MADISON (WKOW) -- The first Black Women’s Health and Wellness Center in Dane County opened Saturday afternoon.
The Wisconsin based non-profit Foundation for Women's Wellness aims to empower black women and girls to build and sustain healthy lives.
The foundation was established in June 2012 and each year it has supported and impacted more than 2,000 women and girls in Dane County to reduce racial health disparities, according to a press release.
One of the biggest aspects of that disparity is the difference in infant mortality rates between black and white mothers.
Data from Public Health Madison Dane County shows black babies are 3 times more likely than white babies to die before their first birthday.
The foundation hopes to address the underlying causes and says the new space off Mineral Point Road allows the group to establish a culture of wellness through education, outreach, support circles, and powerful partnerships.
“When women come to the foundation they will find a host of opportunities like classes that help them get fit, how to eat better and how to manage their stress,” Lisa Peyton-Caire, president and founder of the Black Women’s Wellness Center said.
Peyton-Caire also added with the new space they can achieve some of their goals as a foundation by hosting yoga and meditation classes, unlike before where they used other spaces in the region.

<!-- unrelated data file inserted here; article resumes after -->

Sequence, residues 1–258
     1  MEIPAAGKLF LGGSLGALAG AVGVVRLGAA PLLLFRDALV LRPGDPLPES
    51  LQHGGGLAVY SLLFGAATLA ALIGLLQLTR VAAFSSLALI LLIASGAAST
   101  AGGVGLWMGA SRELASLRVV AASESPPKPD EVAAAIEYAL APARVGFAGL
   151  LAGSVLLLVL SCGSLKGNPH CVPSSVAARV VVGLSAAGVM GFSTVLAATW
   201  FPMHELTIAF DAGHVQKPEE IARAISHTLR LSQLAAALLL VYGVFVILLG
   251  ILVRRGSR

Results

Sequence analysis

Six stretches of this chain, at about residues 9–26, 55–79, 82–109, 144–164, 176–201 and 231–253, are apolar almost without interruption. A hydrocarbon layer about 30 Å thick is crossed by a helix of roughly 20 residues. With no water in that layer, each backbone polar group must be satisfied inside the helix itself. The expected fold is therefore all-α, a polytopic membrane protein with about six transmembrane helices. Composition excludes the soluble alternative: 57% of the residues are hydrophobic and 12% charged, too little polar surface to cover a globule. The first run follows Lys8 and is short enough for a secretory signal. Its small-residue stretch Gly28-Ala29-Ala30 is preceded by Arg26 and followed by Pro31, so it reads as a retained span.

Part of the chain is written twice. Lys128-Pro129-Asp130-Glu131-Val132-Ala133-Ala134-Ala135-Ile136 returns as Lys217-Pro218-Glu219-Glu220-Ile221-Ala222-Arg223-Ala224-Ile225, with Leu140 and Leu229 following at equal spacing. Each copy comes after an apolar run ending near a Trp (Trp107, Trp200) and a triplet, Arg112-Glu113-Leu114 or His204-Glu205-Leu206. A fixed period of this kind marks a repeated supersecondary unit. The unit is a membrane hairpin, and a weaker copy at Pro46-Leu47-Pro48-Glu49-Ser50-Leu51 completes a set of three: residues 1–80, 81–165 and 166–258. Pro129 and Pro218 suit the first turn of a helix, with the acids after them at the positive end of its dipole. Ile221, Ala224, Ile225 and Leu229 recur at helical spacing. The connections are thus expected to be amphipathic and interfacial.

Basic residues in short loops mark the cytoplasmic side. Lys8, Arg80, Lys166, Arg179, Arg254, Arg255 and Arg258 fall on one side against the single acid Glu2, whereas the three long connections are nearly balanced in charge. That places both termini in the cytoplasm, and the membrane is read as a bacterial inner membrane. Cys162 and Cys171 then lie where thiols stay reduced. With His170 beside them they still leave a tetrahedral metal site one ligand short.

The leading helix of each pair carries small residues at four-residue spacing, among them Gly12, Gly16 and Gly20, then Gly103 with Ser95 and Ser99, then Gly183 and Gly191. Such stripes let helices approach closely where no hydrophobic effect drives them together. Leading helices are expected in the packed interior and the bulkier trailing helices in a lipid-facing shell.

By having this center, Peyton-Caire said, “We are filling an unmet need in our community and that our growth is really important to the full of our state.”
Mayor Satya-Rhodes Conway also attended the grand-opening and shared how essential this service is for the people of Dane County.
“When black women do well in our community, everybody does well in our community, so I’m really excited and grateful that this center is open today,” Rhodes-Conway said.
Peyton-Caire said, “this development is so key to the impact that we will continue to make in Black women’s health in Dane County and recognizing the wonderful development of our history.”
The foundation is also focused on fighting issues like infant mortality and babies with low birth weight.
Babies born to black mothers in Dane County are two times more likely than white babies to have low birth weights, which means a higher rate of infant mortality.